Sometime between 1895 and 1905, in a small area in the old part of the ancient city of
Decades of political strife throughout
As a result of this, the whole street of Painam Nagar, including its 50 mansions, has become a ghost town. Despite absence of the most basic necessities – no electricity, no water lines, no sewage disposal system – many of these houses have poor tenants who refuse to leave (nor get relocated). And if you’ve been inside one of the slums of Mumbai or Tondo, you would realize the sheer despondency of the tenant’s living conditions. Mumbai and Tondo slums suddenly seem posh.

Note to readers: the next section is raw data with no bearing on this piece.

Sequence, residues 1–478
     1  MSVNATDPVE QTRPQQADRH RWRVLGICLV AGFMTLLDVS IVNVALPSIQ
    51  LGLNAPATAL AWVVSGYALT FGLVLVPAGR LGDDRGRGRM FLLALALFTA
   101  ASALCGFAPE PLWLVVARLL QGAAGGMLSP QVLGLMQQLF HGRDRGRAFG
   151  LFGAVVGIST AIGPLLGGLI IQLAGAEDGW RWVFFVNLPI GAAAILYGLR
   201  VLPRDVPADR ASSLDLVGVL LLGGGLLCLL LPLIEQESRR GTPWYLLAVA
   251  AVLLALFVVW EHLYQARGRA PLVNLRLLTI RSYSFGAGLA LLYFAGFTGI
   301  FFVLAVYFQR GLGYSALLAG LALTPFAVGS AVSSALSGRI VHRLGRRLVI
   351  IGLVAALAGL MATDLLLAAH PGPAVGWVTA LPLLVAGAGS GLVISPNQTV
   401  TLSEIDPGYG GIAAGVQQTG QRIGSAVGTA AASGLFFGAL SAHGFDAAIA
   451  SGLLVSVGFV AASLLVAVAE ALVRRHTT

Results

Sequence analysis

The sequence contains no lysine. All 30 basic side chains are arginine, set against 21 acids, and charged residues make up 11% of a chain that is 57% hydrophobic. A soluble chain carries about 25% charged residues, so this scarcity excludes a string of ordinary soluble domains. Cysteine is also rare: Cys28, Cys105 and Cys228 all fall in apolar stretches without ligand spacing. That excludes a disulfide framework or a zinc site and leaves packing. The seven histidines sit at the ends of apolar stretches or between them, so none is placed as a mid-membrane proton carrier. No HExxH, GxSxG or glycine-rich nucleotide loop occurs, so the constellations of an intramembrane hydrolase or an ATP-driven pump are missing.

Why the Restoration and Heritage Departments of the Bangladeshi government have all but neglected Painam Nagar is such a wonder. I am aware that restoration of 50 mansions wouldn't be cheap, but preservation of history is priceless. I read several articles regarding plans to relocate these tenants (there must have been half a dozen generations since the owners abandoned their mansions) and start restorations, but these have turned out to be mere publicity stunts in the last 5-10 years or so. Nothing concrete has happened.
These present tenants will fight getting relocated, but I really can’t imagine a harder life than staying in Painam Nagar. They hardly look like inhabited homes. At least the other slum dwellings elsewhere in
I am pretty sure that restoration of these mansions would eventually pay off in terms of tourism, not to mention the historical implications in a nation too pulverized by civil war, poverty, cyclones and other disasters, and population explosion.
This is the Eye in the Sky!